Since earnings were released on August 6, Disney (DIS) shares have fallen 11%, lagging the market almost every day. As of the July 31 settlement date, DIS was the second-most shorted stock on the Dow, with 2% of its shares sold short. That may not seem like much, but given that Disney is a leader in the entertainment industry, the company's shares are difficult to short with conviction. Instead, investors are taking profits on Disney, which was up almost 35% since January 1, at its highs on August 6. The negativity surrounding Disney, including all the media attention on "The Lone Ranger," has caused additional sellers, causing Disney shares to slowly drift lower. It also didn't help when the giant sinkhole opened up next to Disneyland in Florida. Despite the poor headline news, is all the negativity warranted?
The Lone Ranger and Other Movies
"The Lone Ranger," although a huge financial disaster, is only expected to cause between a $160 and $190 million write-down. I say 'only' because in the past 12 months, Disney's operating income was $10,579 million. Within Disney's diversified operations, studio entertainment made up 7.3% of operating income in FY 2012. Along with the hit on studio entertainment, Disney's consumer product segment, which made up 9.4% of operating income, will suffer as people become reluctant to buy Tonto and John action figures. One important thing to note is that the weekend "The Lone Ranger" premiered, it was competing against "Monsters University," also produced by Disney, which raked in a box office of $715 million versus a budget of $200 million. Moreover, the market seems to have forgotten about Disney's other major summer hit, "Iron Man 3," which brought in a box office of $1.2 billion on a budget of $200 million. As such a diversified company, a flop in one sector (despite other huge successes) should not have a significantly adverse effect on the Disney as a whole.
Investors can look forward to several of Disney's Marvel films: "Thor: The Dark World" (November, 2013); "Captain America: The Winter Soldier" (April, 2014); and "Guardians of the Galaxy" (August, 2014); as well as some of Walt Disney Studios' other productions.
Disney's media networks made up two-thirds of operating income, generating profits from ESPN, ABC and the Disney channel.
First, ESPN is a leader in sports-related programming. The upcoming football season should be a significant growth driver for ESPN, but competition for the broadcasting of other sports, such as with Fox Sport's attainment of broadcasting rights for the U.S. Open, is growing. However, it is important to note that Fox Sports paid double the "$40 million fee the United States Golf Association charged ESPN and NBC Sports." Given ESPN's strong broadcasting performance, its first-mover advantage requires other firms to pay high premiums to attain business. Thus, increasing competition in the sports broadcasting industry should not harm ESPN significantly. However, investors should continue to watch viewership, should the decline in ratings persist.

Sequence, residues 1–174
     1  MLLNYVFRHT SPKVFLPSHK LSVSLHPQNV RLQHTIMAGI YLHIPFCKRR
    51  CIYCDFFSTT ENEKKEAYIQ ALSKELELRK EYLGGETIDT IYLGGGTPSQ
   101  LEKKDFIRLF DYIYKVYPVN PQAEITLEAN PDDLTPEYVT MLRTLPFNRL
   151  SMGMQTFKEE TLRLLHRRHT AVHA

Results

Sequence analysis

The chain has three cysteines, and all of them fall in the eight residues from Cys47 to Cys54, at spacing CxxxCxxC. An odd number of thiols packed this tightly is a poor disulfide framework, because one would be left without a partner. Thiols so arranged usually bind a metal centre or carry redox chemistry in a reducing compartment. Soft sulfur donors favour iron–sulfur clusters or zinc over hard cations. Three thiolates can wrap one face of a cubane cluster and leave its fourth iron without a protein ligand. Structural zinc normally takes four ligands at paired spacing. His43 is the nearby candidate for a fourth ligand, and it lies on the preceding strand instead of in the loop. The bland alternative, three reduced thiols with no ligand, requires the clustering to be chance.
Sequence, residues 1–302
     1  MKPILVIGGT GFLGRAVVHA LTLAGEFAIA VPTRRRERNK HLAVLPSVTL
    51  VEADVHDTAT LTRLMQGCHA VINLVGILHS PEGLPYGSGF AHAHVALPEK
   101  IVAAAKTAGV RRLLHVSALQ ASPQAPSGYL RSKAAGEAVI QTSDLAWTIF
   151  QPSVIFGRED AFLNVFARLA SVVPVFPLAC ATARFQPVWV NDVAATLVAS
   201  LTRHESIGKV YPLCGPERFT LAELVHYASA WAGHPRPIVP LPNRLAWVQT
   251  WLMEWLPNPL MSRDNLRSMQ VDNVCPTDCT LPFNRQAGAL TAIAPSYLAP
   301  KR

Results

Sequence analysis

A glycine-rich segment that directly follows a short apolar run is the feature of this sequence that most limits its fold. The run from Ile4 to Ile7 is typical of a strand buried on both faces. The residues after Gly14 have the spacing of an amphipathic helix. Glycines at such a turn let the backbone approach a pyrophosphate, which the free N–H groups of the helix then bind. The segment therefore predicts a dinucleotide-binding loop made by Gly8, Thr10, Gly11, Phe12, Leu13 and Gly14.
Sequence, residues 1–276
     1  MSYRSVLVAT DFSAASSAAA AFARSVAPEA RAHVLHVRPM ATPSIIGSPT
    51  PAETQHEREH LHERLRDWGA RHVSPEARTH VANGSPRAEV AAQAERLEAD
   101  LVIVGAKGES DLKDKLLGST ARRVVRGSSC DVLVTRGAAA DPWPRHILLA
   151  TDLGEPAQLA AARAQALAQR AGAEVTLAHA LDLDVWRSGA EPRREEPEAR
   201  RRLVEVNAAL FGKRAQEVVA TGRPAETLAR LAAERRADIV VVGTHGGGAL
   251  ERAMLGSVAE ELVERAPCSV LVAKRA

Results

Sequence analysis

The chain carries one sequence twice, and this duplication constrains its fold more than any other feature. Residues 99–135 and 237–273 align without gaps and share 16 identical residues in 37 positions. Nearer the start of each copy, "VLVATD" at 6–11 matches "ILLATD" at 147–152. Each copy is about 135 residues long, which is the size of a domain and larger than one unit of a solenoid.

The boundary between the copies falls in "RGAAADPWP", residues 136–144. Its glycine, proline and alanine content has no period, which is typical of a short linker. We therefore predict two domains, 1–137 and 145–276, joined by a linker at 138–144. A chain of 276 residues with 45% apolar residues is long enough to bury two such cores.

Secondly, Disney is trying to prop up ABC's weak results by producing a new show, "Marvel Agents of SHIELD." Disney's strategy of using its acquisitions in different operating segments creates additional synergies. Moreover, this strategy could lead Disney to produce Star Wars TV shows on ABC, which is still in the preliminary planning stages. This will help turn around Disney's weakest segment of its Media Networks department.
Thirdly, the Disney network has achieved the highest ratings for June to August 2013 for total viewers for: Kids 2-11; Kids 6-11; and Tweens. Disney Junior had a huge success with "Sofia the First," which was the No. 1 series for kids 2-5. The Disney Junior Channel had the most total viewers for preschoolers aged 2-5 in August.
Parks and Resorts
Parks and resorts have not had much headline action recently. This segment made up almost 20% of operating income, and it will continue to grow as the economy improves. Disney continually reinvests in its parks and resorts; moreover, the implementation of Marvel and Star Wars themes in their parks will drive additional traffic.
I have touched on two of the headlines driving Disney shares lower: "The Lone Ranger" and the weaker ratings for ESPN. "The Lone Ranger" made up only a small part of Disney's overall operating income, and its financial failure is more than made up with the huge successes of its other summer blockbusters. ESPN has a huge first-mover advantage, which will allow it to remain in a strong position despite increasing competition.
Disney is a company that continually reinvests in profitable segments. Its success with the Marvel acquisition boosted sales in its media networks, studio entertainment, and parks and resorts. A similar result should be expected with its acquisition of Lucas Arts. Investors have been flooded by negative news and they have not been able to see through the smoke. Disney is still the same great company it was before. A leader in the entertainment industry, it has consistently delivered high single-digit growth year-over-year, despite its size.